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IDEA Complaint Decision 19-007

On January 16, 2019, the Department of Public Instruction (department) received a complaint under state and federal special education law from XXXXXX (complainant) against the XXXXX (district). This is the department’s decision regarding that complaint. The issues are whether the district, during the 2018-2019 school year, properly shortened the school day of a student with a disability; and properly responded to a request from the parent of a student with a disability for homebound instruction.

In Wisconsin, individualized education program (IEP) teams determine placements for students with disabilities. A student’s IEP team may shorten the student’s school day if the team determines a shortened day is required to address the student’s unique disability-related needs. Before deciding to shorten the student’s day, the IEP team must consider if there are other ways to meet the student’s needs. When a student’s school day is shortened, the student’s IEP must include an explanation of why the student’s disability-related needs require a shortened day, and a plan for the student’s return to school for a full day, including a plan to meet more frequently to review student data, and determine whether the student is able to return to school full-time (DPI Information Update Bulletin 14.03, Shortened School Days, December 2014). Homebound instruction is included as an option on the continuum of alternative placement locations under state and federal special education law (34 CFR §300.115). A parent may request an IEP team meeting to discuss changes in placement, including homebound, at any time, and the district should honor reasonable requests. When medical providers submit a request for homebound instruction for a student with a disability based on a health condition, the IEP team should meet to consider the information submitted. However, the IEP team makes the determination of whether homebound services are appropriate, and if so, the amount of services the student will receive based on the student’s unique disability-related needs.

The student who is the subject of this complaint has significant disability-related medical needs. The IEP in effect at the beginning of the 2018-19 school year included a full school day for the student with the majority of time spent in self-contained special education environments with one-to-one adult assistance. The student was to attend music, art, and library general education classes with nondisabled peers. The student’s IEP team met on September 25, 2018, and October 25, 2018, to discuss parent concerns around staffing. One or both of the student’s parents attended each meeting. The team did not discuss changing the student’s placement at either of these meetings.

The IEP team met again on November 15, 2018, to develop the student’s annual IEP. A district staff person was unexpectedly unable to attend, so the team agreed to suspend the meeting and reconvene at a later time. The IEP team reconvened on December 13, 2018, to continue developing the student’s annual IEP. The student’s parents attended the meeting. At that meeting, the team discussed the student’s changing medical condition. Recent health changes had occurred causing the student’s physical comfort to decrease. The team considered whether the student could attend a full day of school with changes in positioning. The team determined a shortened school day would be appropriate for the student given the changes in the student’s medical condition. The student was to continue to receive one-to-one adult assistance throughout the school day. The team agreed to reconvene in the spring to review the student’s progress and school day. The team properly determined a shortened school day was appropriate for the student based on the student’s unique disability-related needs.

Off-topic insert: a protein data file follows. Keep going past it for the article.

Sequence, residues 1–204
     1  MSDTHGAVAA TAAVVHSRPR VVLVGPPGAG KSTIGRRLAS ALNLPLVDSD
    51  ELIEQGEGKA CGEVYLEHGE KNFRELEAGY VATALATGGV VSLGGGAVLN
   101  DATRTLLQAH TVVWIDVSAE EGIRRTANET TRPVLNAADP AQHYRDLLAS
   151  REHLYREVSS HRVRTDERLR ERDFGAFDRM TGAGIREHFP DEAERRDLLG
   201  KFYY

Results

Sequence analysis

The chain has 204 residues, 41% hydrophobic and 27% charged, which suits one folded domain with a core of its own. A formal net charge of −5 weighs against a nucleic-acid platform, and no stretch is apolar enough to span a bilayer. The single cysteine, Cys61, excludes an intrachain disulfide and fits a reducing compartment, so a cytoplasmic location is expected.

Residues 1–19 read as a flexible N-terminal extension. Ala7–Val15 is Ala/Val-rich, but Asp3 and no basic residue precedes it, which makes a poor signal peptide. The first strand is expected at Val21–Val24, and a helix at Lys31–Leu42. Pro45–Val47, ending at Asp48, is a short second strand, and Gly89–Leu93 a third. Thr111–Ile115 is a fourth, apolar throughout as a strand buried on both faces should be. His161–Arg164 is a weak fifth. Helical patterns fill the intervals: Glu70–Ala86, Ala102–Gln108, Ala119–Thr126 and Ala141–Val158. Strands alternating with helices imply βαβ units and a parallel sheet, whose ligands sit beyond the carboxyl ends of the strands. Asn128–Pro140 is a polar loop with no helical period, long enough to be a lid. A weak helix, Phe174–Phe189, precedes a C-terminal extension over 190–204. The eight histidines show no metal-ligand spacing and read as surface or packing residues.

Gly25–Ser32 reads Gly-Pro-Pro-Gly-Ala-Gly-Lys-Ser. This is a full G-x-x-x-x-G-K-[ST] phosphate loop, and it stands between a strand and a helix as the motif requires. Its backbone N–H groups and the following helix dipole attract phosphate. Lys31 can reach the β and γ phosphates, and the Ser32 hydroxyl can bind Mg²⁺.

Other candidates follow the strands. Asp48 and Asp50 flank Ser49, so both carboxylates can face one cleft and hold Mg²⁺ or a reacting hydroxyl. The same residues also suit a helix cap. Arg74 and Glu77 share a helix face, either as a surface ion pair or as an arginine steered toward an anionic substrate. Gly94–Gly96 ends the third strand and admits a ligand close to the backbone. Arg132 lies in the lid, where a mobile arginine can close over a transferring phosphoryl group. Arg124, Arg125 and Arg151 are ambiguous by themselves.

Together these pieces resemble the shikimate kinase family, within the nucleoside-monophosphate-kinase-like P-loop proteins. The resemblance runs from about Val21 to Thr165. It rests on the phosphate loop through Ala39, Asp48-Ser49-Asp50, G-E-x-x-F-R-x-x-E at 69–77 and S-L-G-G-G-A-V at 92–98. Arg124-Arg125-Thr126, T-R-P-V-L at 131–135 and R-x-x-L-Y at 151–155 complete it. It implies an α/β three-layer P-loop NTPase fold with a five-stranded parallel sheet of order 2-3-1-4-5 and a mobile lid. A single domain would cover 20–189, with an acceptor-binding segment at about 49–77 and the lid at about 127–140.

The student’s parent contacted the school district to request homebound education for the student after the December IEP team meeting. The IEP team met to discuss this request on January 9, 2019. The team discussed the student’s medical needs and health changes. District staff noted they had not been provided updated information from the student’s medical provider, but proceeded to discuss the student’s health needs in consideration of the parent’s request for homebound based on staff observations. The student’s parent became frustrated with the discussion, as the parent believed the student had already been granted homebound instruction. The parent requested the meeting be suspended. The team did not make a decision about homebound instruction.

The district received a letter from a medical provider of the student requesting homebound instruction in mid-January. Beginning in early February 2019, multiple district staff attempted to contact the student’s parents to arrange an IEP team meeting. After not hearing back from the student’s parent, the district scheduled a meeting for February 20, 2019. On February 19, the student’s parent spoke with a district staff person on the phone and contacted the district via email requesting the district not move forward with the meeting. The district decided to cancel the meeting. The district has since scheduled an IEP team meeting for March 14, 2019, and has contacted the student’s parents multiple times regarding the date and time of the meeting. The district properly responded to the parent’s request for homebound instruction.

This concludes our review of this complaint. This decision is final for the IDEA State Complaint process.

//signed BVH 3/14/2019
Barbara Van Haren, PhD
Assistant State Superintendent
Division for Learning Support